(pp. 67-115)

    The real-life spectacle and legal theatrics of the House Committee on Un-American Activities, filmed in the hallowed halls of Congress in October 1947, read like an A-lister’s screenplay. But the ending would prove too depressing a scenario for a Hollywood silver screen drama. In the late 1940s and early 1950s, American conservatives on the political right attacked Hollywood Reds, studios fired scores of writers (among other employees), and—perhaps most painful of all—writers betrayed other writers. Without question, this era was the most damaging in the history of the writers and their union, and the story of faithlessness and...

  8. 3 The Infant Prodigy
    (pp. 117-153)

    By the late 1940s, television sets were quickly becoming the most coveted accessory for the modern American home. Media historian Lynn Spigel has masterly documented the installation of television into American families’ daily lives.¹ The simultaneous process of integrating television writers into professional writing communities provides an important lens for viewing the evolving nature of screenwriting and of labor’s voice within the media industries. Television was new territory for professional writers, and, during the early 1950s, three of the four writing branches of the Authors League of America—the Dramatists Guild, the Radio Writers Guild (RWG), and the Screen Writers...

  9. 4 Mavericks
    (pp. 155-193)

    In 1950, Billy Wilder and I.A.L. Diamond plotted the grim demise of a screenwriter inSunset Blvd. In 1961, Carl Reiner showcased the endearing adventures of television writers inThe Dick Van Dyke Show. In the 1970s and 1980s real screenwriters made their first appearance in the popular narrative of financial and critical success in Hollywood. These decades brought tremendous change and upheaval in the entertainment industries: corporate buyouts, mergers and acquisitions, the growth of independents, the rise of ancillary markets of cable and home video, and gradual deregulation during the presidency of Ronald Reagan. An industry that was organized...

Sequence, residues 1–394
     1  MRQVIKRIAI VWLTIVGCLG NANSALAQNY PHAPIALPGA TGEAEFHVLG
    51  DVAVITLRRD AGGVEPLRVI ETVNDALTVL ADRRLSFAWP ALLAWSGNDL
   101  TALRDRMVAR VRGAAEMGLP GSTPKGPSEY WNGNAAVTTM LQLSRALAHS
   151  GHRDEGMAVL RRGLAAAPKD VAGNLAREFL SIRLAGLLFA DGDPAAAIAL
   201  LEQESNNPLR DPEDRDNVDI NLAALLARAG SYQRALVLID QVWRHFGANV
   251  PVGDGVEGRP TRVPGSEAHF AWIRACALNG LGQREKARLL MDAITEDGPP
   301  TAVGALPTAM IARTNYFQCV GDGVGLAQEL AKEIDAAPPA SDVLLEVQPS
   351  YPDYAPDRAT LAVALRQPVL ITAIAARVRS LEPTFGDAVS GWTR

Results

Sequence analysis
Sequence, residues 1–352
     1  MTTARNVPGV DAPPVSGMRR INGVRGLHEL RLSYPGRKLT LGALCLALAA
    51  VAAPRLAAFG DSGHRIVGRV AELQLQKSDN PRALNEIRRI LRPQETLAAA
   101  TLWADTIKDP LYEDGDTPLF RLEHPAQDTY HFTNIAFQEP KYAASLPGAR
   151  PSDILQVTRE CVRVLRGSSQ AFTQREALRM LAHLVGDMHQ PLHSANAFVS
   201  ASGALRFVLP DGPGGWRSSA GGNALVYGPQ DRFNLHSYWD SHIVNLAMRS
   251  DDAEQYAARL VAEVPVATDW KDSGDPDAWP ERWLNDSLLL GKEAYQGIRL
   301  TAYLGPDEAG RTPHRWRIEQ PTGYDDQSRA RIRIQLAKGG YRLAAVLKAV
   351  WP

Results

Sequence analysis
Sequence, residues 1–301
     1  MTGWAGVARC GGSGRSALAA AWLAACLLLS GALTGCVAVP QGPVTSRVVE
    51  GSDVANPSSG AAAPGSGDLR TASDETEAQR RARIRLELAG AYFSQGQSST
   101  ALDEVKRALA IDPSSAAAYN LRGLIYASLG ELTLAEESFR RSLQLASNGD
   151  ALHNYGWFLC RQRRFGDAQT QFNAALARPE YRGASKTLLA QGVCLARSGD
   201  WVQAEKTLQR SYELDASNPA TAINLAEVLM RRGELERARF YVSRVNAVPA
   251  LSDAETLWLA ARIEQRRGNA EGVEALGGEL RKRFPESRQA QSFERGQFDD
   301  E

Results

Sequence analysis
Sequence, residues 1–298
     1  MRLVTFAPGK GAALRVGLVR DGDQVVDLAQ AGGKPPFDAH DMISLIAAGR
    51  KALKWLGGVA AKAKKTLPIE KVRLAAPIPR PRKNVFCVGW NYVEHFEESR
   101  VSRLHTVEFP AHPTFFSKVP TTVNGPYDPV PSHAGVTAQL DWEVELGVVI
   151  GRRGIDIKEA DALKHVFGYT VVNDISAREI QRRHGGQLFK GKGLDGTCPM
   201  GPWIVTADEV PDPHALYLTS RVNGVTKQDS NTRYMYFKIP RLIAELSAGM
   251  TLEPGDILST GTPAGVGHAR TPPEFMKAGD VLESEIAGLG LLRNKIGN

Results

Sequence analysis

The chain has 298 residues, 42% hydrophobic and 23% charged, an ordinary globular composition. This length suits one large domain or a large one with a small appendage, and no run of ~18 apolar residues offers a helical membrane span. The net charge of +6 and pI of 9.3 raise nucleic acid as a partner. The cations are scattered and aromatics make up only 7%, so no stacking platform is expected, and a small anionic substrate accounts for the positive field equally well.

10. 5 Confederation
    (pp. 195-231)

    “It was bad. It was as bad as it could be,” Tom Fontana recalled, thinking back to relations between the Writers Guild of America East and West in 2004.¹ Other feuds had been worse, damaging relations between the Guild and other writers’ groups as well as between different factions within the Guild. But this time, the Guild’s infighting was between its two official branches, and the two people at the center of the battle were not even writers.

    The uncomfortable balance of power between the East and West branches began to topple in the late 1990s.² At the crux of...

  11. Conclusion
    (pp. 233-242)

    It should come as little surprise that writers speak about themselves and about their community in lucid, articulate terms; nor is it any wonder that throughout the process of interviewing writers of all generations for this book, I turned to their knack for encapsulating their own history.¹ I found that writers offered much more than a simple vocabulary of agency and professional identity.² Writers’ memories of the Guild, of their professions, and of themselves were structured more like well-crafted essays. Their self-disclosures provided A and B plotlines. As the interviews came to a close, many of my subjects presented thoughtfully...

    (pp. 243-264)
    (pp. 265-268)
  14. NOTES
    (pp. 269-306)
    (pp. 307-312)
  16. INDEX
    (pp. 313-328)
  17. Back Matter
    (pp. 329-330)